Lycopsids, small and large
The clubmosses, Class Lycopsida, arose at the same time as the rhyniopsids and other dichot-omously branching plants, but they are distinguished by having their sporangia arranged along the sides of vertical branches, instead of at the tips, and by having numerous small leaves attached closely around the stems.
Low herbaceous lycopsids existed throughout the Devonian and Carboniferous, and they showed considerable variation in leaf and sporangium shape, and in the nature of the spores. From the Late Devonian onwards, most lycopsids produced two kinds of spores, small and large (microspores and megaspores), that developed within terminal cones. Lycop-sids are represented today by some 1100 species, all small herbaceous forms.
During the Carboniferous, several lycopsid groups achieved giant size, and these are the dominant trees seen in reconstruction scenes of the great coal swamps of that period. The best known is Lepidodendron, a clubmoss that reached 35 m or more in height. Fossils of Lepidodendron have been known for 200 years because they are commonly found in association with commercial coalfields in North America and Europe. At first, the separate parts - roots, trunk, bark, branches, leaves, cones and spores - were given different names, but over the years they have been assembled to produce a clear picture of the whole plant (Fig. 18.9).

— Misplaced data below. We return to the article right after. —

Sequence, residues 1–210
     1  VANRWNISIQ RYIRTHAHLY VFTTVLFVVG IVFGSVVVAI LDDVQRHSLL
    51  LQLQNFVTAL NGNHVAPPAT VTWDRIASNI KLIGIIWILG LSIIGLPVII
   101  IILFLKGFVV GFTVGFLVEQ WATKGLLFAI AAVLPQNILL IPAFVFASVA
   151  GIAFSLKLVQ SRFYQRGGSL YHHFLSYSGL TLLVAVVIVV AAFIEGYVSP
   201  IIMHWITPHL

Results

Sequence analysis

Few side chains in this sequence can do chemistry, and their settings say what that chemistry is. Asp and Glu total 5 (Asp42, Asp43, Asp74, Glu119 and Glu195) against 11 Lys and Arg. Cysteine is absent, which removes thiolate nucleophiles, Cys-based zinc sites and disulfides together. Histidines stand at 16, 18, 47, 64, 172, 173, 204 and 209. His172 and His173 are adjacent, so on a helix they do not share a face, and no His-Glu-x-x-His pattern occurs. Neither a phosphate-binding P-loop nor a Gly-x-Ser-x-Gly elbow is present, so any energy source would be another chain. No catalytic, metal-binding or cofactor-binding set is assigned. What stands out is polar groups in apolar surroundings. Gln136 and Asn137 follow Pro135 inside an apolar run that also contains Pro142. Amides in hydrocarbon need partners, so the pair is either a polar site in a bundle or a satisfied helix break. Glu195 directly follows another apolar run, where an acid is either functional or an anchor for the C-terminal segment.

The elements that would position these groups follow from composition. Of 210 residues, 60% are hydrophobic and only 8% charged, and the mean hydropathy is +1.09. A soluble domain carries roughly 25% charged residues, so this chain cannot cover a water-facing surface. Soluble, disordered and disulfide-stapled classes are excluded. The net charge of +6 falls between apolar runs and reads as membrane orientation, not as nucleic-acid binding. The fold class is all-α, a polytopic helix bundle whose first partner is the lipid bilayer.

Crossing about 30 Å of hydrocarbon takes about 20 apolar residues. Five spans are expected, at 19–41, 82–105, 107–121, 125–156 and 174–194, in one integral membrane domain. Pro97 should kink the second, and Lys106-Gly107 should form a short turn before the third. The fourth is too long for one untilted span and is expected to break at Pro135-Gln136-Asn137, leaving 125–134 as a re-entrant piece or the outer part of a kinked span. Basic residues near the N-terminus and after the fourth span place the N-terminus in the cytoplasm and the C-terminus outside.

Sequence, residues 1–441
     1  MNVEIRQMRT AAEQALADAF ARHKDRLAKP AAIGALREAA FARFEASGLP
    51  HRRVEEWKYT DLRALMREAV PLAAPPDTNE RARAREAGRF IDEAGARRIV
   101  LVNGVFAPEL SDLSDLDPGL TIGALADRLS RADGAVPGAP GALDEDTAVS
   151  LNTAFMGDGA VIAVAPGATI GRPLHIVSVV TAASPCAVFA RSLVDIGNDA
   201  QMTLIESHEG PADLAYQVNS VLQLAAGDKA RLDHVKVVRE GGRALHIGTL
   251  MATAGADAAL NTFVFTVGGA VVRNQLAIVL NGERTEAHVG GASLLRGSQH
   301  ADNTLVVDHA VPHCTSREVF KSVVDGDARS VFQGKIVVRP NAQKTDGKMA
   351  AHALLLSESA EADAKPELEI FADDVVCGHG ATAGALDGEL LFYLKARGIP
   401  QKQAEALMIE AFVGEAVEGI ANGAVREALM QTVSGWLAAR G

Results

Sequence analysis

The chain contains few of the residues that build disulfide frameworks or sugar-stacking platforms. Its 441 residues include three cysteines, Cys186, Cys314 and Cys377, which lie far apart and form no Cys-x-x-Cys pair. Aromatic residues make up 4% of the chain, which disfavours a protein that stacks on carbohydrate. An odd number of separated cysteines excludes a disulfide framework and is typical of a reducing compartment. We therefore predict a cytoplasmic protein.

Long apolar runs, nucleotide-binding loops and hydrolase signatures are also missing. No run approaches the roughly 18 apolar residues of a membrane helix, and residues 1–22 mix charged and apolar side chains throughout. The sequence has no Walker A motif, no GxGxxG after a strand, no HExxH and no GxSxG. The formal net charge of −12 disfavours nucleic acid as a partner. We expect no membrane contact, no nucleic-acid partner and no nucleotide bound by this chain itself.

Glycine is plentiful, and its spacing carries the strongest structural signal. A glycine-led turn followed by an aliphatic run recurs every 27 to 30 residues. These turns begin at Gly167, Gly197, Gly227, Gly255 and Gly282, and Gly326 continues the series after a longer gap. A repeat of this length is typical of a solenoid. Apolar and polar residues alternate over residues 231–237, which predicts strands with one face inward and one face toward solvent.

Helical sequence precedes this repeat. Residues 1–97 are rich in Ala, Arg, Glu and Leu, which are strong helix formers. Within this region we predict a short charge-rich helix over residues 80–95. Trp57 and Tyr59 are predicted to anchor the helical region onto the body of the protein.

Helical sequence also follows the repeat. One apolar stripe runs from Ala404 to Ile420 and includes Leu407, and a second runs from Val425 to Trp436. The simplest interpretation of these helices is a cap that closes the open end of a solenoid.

The giant lycopsids were adapted to the wet conditions of the coal swamps, but these habitats receded at the time of a major arid phase in the latest Pennsylvanian and Early Permian. Lepidodendron and its like died out. Medium-sized lycopsids, about 1 m high, existed during the Mesozoic, but truly arborescent ("tree-like") forms never evolved again.
The horsetails, or equisetopsids, are familiar to gardeners as small pernicious weeds. Their upright green shoots, with a characteristic jointed structure, are linked by underground rhizome systems. The sporangia are grouped into bunches of five or 10 below an umbrellalike structure arranged along the stem to form a sort of cone, a unique feature of the group. The horsetails are a small group today, consisting of a mere 15 species, most of them small, but one reaching a height of 4 m or more. The early history of the group shows much greater diversity.
The horsetails arose during the Devonian, and Carboniferous forms flourished in disturbed streamside settings where they could
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